…Say what? I’ve fallen from your favor? Sorry I’ve been snubbing you for the past couple of months. But I’m needing—nay, craving—to have you back into my life. I’m done with wretched excess; the frothy creams, sumptuous sauces and trumped-up cocktails that caught my eye in December. I miss your tasteful earthiness, your smart frugality, your downright wholesomeness. Give me one more chance–I’m begging!–to make things right.
Always wash lentils and remove small stones before cooking.
Mid-January finds me as another bloated statistic entrenched in detox, mainlining soups loaded with beans and veggies, forcing myself to pound out another mile (er…block) on the treadmill while my headphones knock out a lobotomizing Latin Dance Club collection, which insists my legs move forward.
And lentils are back into my life. What’s not to love about these petite colorful beans? User friendly, they cook fast and don’t need soaking; they’re a powerhouse of nutrition and easy on the purse strings. Below, I’ve assembled a slide show of lentil inspiration. One recipe not featured is a no-recipe-recipe I recently made: Quinoa-Lentil Salad: In separate pots, cook equal parts of black beluga lentils and quinoa until tender, then drain and toss in a vinaigrette made with a smidgen of garlic, lemon juice and extra virgin olive oil. Toss with feta cheese and you’ll be doin’ right by lentils.
Another holiday season, a herd of family I can’t wait to see, all with their convoluted schedules, none of which coincide simultaneously. Therefore, I’ll be turning the holidays on and off several times in the next couple of weeks. I’ll be flexible. I’ll be creative. I’ll try to stay sober.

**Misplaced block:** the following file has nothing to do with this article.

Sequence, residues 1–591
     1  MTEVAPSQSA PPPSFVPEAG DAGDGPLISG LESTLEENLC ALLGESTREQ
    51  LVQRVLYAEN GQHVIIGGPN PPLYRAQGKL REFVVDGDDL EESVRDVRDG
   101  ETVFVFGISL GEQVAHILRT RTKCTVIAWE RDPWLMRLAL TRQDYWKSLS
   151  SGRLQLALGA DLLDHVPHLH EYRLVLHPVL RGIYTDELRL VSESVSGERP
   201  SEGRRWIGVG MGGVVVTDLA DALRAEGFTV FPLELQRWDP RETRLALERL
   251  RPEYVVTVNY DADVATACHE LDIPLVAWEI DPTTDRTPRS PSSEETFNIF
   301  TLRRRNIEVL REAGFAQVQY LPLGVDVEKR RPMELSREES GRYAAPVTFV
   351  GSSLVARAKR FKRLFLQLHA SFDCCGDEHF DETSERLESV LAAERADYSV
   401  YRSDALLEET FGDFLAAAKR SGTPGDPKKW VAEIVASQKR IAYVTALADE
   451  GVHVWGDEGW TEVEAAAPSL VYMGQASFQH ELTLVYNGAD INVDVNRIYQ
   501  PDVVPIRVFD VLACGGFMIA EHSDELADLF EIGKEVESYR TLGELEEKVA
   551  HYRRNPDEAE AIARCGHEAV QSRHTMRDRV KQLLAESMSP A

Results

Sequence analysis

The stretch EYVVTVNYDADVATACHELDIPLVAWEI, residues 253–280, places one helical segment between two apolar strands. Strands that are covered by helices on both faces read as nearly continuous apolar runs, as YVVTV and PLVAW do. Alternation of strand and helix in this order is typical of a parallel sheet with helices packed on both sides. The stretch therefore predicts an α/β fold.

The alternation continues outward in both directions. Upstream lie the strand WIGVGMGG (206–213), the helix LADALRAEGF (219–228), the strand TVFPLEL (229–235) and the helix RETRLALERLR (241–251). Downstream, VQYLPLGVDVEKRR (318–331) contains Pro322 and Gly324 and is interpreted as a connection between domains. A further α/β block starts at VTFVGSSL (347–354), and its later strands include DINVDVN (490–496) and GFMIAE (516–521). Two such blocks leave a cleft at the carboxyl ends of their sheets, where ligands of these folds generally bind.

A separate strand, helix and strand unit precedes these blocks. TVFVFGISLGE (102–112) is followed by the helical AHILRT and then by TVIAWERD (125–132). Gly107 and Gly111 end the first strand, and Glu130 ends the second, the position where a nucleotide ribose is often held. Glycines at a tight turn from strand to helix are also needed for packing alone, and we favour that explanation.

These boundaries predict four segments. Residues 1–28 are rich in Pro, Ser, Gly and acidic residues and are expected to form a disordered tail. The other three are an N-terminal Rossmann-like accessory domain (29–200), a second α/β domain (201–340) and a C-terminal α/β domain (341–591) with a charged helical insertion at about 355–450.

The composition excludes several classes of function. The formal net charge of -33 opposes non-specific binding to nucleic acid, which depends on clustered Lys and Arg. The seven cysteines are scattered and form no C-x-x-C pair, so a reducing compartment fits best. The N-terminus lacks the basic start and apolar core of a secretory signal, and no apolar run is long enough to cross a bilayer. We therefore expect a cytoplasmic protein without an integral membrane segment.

Entertaining Canapé Platter
I’m thinking small plates and bite-sized packages by the fire will be appreciated. In a holiday stuffed with excess, less can often be more. Guests tend to eat slower, lingering over small plates. And in-between the plates, the conversation flows.
Freshly shucked oysters with a mignonette, followed by a couple of small pieces of buttery brioche topped with lemon creme fraiche and a smear of the most delicious roe your purse will allow. A sparkler, of course. Less is more, unarguably.
Meatballs may be made in advance and frozen for up to a couple of weeks.
My freezer is an ally. The lamb meatballs in the following recipe were divided into aluminum pans, and then frozen. I take out a tray and bake them as needed. A garlicky tart tzadziki would be the perfect accompaniment, but I chose to drizzle pomegranate syrup/molasses onto the plate, then top it with the lamb.
The lamb meatballs pair especially well with phyllo cups stuffed with mediterranean ingredients you’ll find in the recipe below. Here’s another recipe (Inside Karen’s Kitchen) that inspired mine; she bakes her phyllo cups and the ingredients include sun-dried tomatoes and kalamata olives. Most quality groceries stock phyllo cups next to the frozen phyllo sheets in their freezer sections. They thaw in 30 minutes, then I stuff them with a variety of ingredients through the holidays. Again, here’s the link to my collection of other stuffings for phyllo cups made in the past.
Phyllo cups may be found in the frozen section of most grocery stores, saddled next to the phyllo sheets. So flexible and versatile, what’s not to like?
Good things come in small packages. Have a lovely holiday season!